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News photographers and TV camera crews are claiming that they are being prevented from reporting on the BP oil spill in the Gulf of Mexico.
They complain that US federal and local officials, including coast guards, are blocking access to beaches where the effects of the spill are most visible.
A CBS TV crew was threatened with arrest when attempting to film an oil-covered beach last week.
He defended flight restrictions as "a necessary safety precaution". Private aircraft must get perm
"BP is operating at our direction," Obama said. "Every key decision and action they take must be approved by us in advance," adding that, if the Coast Guard orders BP to do something, "they are legally bound to do it."
Three months before the massive BP oil spill erupted in the Gulf of Mexico, the Obama administration proposed downsizing the Coast Guard national coordination center for oil spill responses, prompting its senior officers to warn that the agency's readiness for catastrophic events would be weakened.
Accidents happen, "but what you're seeing here is the government is not properly set up to deal with this kind of issue," said Robbin Laird, a defense consultant who has worked on Coast Guard issues. "The idea that you would even think about getting rid of catastrophic environmental spill equipment or expertise at the Department of Homeland Security, are you kidding me?"
"Cutting a strike team is nuts," said Stephen Flynn, a former Coast Guard commander and now president of the Center for National Policy, a Washington think tank. "Whether it's an accident of man or an act of terrorism, it requires almost the exact same skill set to clean it up."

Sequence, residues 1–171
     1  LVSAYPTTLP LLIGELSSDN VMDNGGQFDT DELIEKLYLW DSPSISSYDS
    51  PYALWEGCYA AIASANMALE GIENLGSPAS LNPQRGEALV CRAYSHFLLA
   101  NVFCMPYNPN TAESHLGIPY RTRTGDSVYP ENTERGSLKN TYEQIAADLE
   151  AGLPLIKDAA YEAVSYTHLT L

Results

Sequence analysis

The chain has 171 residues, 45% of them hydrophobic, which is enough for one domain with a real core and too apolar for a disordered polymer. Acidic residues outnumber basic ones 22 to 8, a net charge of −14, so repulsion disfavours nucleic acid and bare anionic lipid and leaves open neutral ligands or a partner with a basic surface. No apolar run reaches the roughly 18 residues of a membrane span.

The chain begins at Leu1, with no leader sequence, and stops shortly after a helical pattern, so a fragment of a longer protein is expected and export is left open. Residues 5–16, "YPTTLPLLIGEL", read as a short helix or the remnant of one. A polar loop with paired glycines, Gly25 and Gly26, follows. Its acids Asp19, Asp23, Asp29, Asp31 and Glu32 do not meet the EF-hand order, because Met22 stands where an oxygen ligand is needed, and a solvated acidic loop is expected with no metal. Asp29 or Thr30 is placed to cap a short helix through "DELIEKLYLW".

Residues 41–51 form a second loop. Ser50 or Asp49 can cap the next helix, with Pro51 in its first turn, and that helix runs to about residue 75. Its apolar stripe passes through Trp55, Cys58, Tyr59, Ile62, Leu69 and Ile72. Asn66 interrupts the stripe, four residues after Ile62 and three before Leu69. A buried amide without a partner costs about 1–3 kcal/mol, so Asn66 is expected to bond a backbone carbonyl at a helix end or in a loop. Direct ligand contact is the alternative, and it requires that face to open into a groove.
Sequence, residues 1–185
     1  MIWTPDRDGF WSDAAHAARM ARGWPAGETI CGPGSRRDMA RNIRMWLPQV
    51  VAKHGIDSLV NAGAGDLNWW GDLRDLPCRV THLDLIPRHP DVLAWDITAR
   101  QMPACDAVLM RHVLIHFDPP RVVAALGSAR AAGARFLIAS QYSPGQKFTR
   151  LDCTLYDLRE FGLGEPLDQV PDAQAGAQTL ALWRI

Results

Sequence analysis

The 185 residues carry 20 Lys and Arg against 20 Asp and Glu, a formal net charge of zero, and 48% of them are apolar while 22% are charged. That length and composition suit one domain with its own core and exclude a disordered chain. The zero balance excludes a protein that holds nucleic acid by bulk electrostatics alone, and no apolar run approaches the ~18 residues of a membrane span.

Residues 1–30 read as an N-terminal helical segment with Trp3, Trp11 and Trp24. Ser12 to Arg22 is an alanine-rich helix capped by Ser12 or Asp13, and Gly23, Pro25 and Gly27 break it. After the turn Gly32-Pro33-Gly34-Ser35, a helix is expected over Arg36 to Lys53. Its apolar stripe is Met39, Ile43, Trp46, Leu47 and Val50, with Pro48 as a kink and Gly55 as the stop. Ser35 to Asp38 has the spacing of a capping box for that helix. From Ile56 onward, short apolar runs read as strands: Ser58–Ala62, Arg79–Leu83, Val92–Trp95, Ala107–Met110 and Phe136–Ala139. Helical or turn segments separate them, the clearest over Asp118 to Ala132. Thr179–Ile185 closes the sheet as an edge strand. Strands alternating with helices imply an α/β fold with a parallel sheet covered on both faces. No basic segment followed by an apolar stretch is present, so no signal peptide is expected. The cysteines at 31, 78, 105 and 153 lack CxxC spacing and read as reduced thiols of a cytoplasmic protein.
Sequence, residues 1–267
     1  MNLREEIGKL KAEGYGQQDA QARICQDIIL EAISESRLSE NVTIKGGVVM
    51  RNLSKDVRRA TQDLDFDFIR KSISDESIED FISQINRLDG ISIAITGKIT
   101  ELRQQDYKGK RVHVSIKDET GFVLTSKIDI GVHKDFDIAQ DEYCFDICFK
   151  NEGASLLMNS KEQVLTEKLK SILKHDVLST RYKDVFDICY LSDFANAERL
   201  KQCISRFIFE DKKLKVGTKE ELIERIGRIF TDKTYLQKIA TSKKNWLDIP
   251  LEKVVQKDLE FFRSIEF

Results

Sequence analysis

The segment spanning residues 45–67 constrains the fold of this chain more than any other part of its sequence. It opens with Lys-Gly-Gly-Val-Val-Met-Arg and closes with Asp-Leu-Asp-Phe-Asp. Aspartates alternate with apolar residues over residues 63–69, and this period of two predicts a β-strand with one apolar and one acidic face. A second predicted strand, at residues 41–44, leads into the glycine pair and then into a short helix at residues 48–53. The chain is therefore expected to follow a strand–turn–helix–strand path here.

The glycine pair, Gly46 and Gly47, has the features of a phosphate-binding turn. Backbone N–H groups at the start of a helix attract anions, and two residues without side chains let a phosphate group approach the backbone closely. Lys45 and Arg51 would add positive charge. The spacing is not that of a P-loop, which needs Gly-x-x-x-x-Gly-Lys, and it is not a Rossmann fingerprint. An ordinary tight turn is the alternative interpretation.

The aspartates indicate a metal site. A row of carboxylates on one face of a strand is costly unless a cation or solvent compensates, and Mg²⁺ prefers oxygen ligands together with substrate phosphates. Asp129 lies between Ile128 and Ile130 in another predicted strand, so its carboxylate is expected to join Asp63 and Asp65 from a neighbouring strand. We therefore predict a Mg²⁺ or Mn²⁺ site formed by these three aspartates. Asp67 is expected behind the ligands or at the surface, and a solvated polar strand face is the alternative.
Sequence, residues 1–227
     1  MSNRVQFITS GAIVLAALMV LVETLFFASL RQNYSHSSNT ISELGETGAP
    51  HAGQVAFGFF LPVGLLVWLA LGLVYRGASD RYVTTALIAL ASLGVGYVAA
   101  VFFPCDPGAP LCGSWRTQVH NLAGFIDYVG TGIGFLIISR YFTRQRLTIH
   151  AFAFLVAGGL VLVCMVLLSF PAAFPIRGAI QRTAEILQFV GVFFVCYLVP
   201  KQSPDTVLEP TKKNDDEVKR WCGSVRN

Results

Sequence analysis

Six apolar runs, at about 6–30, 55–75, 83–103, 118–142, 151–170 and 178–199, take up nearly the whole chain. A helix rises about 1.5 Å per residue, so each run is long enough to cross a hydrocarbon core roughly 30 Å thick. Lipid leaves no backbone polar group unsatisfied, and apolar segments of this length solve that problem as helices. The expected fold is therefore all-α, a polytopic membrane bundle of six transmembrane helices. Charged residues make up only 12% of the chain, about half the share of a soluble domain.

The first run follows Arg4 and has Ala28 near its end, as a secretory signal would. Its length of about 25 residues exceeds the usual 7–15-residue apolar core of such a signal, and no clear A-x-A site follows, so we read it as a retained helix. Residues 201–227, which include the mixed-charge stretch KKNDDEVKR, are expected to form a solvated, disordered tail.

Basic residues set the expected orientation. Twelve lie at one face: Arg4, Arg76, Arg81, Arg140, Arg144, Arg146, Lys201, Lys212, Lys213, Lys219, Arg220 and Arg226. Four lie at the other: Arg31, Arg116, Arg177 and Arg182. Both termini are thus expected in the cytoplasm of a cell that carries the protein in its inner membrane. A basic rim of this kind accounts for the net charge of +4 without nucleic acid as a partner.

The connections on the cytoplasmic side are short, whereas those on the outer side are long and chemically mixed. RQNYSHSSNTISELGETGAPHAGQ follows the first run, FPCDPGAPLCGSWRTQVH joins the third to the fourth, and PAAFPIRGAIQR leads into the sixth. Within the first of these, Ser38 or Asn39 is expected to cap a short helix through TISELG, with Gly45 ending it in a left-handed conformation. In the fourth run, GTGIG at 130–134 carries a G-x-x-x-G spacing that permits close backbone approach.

In the minutes after a cascade of gas explosions crippled the Deepwater Horizon on April 20, confusion reigned on the drilling platform. Flames were spreading rapidly, power was out, and terrified workers were leaping into the dark
An examination by The Wall Street Journal of what happened aboard the Deepwater Horizon just before and after the explosions suggests the rig was unprepared for the kind of disaster that struck and was overwhelmed when it occurred. The events on the bridge raise questions about whether the rig's leaders were prepared for handling such a fast-moving emergency and for evacuating the rig—and, more broadly, whether the U.S. has sufficient safety rules for such complex drilling operations in very deep water.
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Originally posted by CanadianDream420
I support this!
We all know it's bad... Yes, it's THAT BAD!! We don't need hundreds of reporters floating around the beaches and asking questions when there is work to be done.
Originally posted by CanadianDream420
We don't need hundreds of reporters floating around the beaches and asking questions when there is work to be done.
Of course, anyone flipping on the cable networks or perusing online news sites has probably seen images from the spill. But Philips says many images "are coming from BP and government sources."
Philips' finding is not surprising given the anecdotal evidence of journalists who say they've been prevented from doing their work. Just in the last week, BP contractors stopped a CBS crew from filming and threatened arrests; CEO Tony Hayward was caught on tape yelling "Get outta there!" at a photographer snapping pictures; and Mother Jones reporter Mac McClelland said her efforts to reach Elmer's Island on the tip of Louisiana were thwarted after she was stopped more than once by Jefferson Parish sheriff's deputies.
With such access being cut off, Philips writes that journalist trying to cover "the worst environmental disaster in the history" of U.S. waters must do so "against the will of BP."